Friday, October 3, 2008

Two Hearts Are Better Than None. Or Are They?

What we've got here is a failure to communicate...

I was initially pretty ambivalent about the changes required by the MPAA for the My Bloody Valentine remake teaser poster to get a passing grade (above on the left is the original version; to the right is the doctored U.S. one-sheet, which is either a brilliant inversion of Alfred Hitchock's chocolate-syrup-for-blood technique from Psycho, or just Lionsgate being lazy); I figured, hey, at least it's not another floating-heads job.

But the more I think about it, the more this incident bothers me. It's not that I'm expecting great things from the movie (if the 3-D aspect didn't temper my hopes, the involvement of Patrick Lussier -- who's sort of the Rick Rosenthal of the 21st-century -- certainly shoved a pick-ax in them) and feel it's been unfairly maligned (the MPAA applies its no-blood or low-blood policy to all posters it approves). It's the further implications of this case that are somewhat irritating.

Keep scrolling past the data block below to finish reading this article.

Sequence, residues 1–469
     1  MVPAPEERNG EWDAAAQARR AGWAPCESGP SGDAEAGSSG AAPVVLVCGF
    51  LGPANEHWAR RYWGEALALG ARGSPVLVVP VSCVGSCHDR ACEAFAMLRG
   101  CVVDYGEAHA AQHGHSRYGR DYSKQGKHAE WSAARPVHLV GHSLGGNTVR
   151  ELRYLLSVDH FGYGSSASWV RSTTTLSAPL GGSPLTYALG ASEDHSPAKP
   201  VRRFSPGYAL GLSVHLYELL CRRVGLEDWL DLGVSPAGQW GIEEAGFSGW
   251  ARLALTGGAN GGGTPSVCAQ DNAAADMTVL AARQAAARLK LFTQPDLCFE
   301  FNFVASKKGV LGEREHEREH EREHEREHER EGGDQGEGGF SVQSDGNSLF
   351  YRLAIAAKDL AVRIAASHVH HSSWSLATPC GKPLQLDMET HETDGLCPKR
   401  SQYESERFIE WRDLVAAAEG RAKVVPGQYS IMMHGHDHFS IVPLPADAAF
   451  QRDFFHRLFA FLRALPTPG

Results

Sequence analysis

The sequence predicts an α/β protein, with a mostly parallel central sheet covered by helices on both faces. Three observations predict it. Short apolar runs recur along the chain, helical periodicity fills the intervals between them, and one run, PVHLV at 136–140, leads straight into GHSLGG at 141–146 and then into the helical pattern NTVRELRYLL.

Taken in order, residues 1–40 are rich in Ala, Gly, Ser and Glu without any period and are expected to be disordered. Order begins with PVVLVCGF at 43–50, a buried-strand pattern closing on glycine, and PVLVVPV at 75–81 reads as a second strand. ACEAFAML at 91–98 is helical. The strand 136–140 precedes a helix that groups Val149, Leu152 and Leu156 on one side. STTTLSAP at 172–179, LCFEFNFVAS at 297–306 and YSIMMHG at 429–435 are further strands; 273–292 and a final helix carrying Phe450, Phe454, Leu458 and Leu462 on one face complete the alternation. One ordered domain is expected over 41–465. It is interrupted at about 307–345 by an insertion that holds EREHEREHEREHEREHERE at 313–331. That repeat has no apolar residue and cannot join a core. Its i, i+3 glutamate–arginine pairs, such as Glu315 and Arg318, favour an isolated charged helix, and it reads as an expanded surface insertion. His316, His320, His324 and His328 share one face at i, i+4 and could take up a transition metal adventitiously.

The one assurance offered all along by those involved with the remake as a consolation to fans of the still-just-as-potent-as-ever-in-all-the-right-(and wrong)-ways original film has been the production team's dedication to making a brutally violent, gory film, maintaining the shameless Tales From the Crypty approach to the material that helps the '80s version endure so well. Had Lionsgate forged ahead with their campaign in the states (the original poster above still hangs in European cinemas), particularly in spite of the MPAA's decree, it might have sent a clear signal of intent and re-established the ballsy integrity the firm once had among genre fans (lost amid a swollen catalog of Saw sequels and shitty direct-to-video drops). Instead, one is forced to call into question all that we've heard about the film's splatter quotient and wonder if this is going to be another edited print dropped in theaters to grab some opening-weekend bank and then released later on an unrated DVD. Sure, there are worse fates to befall a movie, but it's a lot harder for me to keep my dismissive tendencies at bay and even give something a chance if I don't think the people responsible for its creation have put their... uhh, you know... into it.